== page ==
October 4, 2000
Methyl bromide alternatives studied Alternatives to methyl bromide have been, and are still continuing, to be a hot topic among many producers with vegetable growers expressing a tremendous interest.
Even though there is some discussion that there is a chance to keep methyl bromide for 10 years beyond the 2005 phaseout we cannot count on this becoming a reality.
Chemical companies, university research and Cooperative Extension are jointly studying different elements of this complex problem with alternatives to methyl bromide. Not only are we looking at possible alternative compounds, but also application methods, timing and uses.
It is interesting to see the many test sites being instigated with products, rates, application to different crops and resulting data expectations.
These test sites and plots are drawing on many expectations and ideas people have as to what might work and how the techniques might work.
Trials include fumigating land with methyl bromide, Telone-Cholorpicrin (TC-35), Vapam and some organic methods.
The idea of applying Telone-Cholorpicrin in-line and Vapam through the drip tube under plastic are also being looked at with different rates and procedures.
These are just a few of the products being tried under test conditions now.
Questions being asked about these methods include: How much product is needed, soil moisture effects before and after application, timing schedule and many more.
In the Wilson, N.C., area, many growers of vegetables on plastic are growing two crops on the same plastic in a season. With the economic benefit of using the same plastic and tape for two successive crops, many producers will be going this route if they can get control of fumigation techniques.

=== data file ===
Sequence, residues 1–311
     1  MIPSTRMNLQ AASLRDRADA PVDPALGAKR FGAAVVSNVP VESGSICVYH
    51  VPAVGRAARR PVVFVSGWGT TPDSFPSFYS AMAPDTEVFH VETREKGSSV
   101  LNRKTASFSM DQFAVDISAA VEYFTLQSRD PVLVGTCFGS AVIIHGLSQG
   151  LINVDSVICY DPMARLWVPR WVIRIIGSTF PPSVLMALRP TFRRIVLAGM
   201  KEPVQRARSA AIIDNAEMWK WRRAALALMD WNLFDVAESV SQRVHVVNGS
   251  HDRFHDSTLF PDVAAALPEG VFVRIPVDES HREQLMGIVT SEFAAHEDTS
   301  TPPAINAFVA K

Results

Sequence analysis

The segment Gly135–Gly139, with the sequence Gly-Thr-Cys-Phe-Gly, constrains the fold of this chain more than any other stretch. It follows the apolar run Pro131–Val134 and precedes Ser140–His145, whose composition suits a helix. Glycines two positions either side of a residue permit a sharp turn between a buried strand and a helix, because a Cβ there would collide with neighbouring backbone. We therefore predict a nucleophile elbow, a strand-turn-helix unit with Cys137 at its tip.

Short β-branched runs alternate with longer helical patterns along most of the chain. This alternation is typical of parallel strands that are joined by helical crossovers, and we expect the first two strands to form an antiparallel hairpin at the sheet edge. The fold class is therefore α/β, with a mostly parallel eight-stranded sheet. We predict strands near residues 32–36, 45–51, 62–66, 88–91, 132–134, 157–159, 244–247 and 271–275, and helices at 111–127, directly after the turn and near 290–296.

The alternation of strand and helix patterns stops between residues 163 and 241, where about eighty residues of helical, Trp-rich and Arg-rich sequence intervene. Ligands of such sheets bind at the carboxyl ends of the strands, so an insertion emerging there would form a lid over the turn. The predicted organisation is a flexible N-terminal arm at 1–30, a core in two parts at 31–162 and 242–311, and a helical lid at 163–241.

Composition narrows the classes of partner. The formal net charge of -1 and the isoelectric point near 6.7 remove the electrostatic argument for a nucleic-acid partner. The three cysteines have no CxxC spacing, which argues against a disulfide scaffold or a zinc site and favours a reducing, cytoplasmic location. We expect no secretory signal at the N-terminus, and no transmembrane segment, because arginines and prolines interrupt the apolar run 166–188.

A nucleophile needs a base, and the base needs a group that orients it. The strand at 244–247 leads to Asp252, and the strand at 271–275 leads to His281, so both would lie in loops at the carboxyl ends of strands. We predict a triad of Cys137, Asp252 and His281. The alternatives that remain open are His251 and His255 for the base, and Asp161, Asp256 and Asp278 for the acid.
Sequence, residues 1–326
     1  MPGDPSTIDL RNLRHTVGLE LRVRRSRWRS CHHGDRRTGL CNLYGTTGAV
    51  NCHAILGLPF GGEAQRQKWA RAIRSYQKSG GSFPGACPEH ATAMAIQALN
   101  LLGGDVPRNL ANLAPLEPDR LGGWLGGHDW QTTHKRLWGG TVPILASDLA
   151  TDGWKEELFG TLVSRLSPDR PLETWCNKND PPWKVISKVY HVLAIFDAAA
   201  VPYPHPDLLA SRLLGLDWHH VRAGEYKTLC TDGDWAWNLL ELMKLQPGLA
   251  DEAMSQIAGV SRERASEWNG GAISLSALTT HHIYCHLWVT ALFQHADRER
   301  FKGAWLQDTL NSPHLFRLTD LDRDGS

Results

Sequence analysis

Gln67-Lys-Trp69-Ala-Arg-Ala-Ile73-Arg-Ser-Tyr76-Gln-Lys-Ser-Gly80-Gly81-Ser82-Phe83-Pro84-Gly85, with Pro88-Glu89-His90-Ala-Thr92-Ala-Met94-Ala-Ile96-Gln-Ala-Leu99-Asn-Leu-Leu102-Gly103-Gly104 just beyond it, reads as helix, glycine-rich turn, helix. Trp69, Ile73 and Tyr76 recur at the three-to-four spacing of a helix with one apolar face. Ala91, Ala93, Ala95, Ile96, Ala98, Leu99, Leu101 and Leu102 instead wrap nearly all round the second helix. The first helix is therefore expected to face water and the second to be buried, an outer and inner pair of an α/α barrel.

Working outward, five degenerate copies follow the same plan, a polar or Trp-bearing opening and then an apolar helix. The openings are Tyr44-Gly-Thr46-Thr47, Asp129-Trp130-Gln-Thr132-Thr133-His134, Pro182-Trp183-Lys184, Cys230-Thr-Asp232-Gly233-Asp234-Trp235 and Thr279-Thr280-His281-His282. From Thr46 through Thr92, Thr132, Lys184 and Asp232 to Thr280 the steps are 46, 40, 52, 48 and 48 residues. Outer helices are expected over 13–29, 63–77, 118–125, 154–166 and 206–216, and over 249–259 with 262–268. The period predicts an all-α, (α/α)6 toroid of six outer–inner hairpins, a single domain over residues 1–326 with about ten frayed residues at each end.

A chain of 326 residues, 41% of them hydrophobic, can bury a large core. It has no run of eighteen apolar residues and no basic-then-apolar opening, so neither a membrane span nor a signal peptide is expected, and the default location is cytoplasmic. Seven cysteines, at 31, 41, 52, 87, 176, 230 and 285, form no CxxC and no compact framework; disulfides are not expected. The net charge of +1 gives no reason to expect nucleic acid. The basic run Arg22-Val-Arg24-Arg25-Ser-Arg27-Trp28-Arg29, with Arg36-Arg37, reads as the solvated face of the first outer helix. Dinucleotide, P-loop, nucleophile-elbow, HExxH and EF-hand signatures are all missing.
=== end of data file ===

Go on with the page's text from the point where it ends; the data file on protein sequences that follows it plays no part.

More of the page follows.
The weed, insect and disease pressure will be great on the second crop as the soil cannot be disturbed and the time element of rotation cannot be fully used.
One of the test plots installed in Wilson County is exploring injection of nematicide through drip tape under plastic after a spring crop and before planting the fall crop.
The presence of nematodes and galling of plant roots on the crop make for an excellent study of control with nematicides.
Twenty-five foot plots randomized in four treatments using several different nematicides at six, nine, or 12 gallons per acre and others at 18 gallons per acre were used.
This product was injected into the drip tubes under plastic by splicing in at the start of each plot and blocking the tube at the end of each plot. Nematode samples before applying chemicals, mid-season and at test-end should give us an idea of control.
Fall squash will be examined for root galling.
This on-farm test is being conducted with Frank Louws and Jim Driver of NCSU Plant Pathology.
Several chemical companies and researchers in other vegetable crops including strawberries, are testing products in a like manner. The findings at the end of the year may give us a lot of food for thought.
Growers interested in learning more about vegetable and fruit production, plus precision agriculture can do so at this year's Southeast Vegetable and Fruit Expo and AgTech 2000. The joint conference will take place Dec. 11-13 at the Sheraton Greensboro Hotel at Four Seasons in Greensboro, N.C.
Educational sessions on vegetables and precision agriculture, along with an extensive trade show will be held throughout the three-day event.
More information about Expo/Agtech 2000 is available from Bonnie Holloman at 919-772-2204, or email [email protected].
You can also access the Internet at http://www.soil.ncsu.edu/agtech2000.
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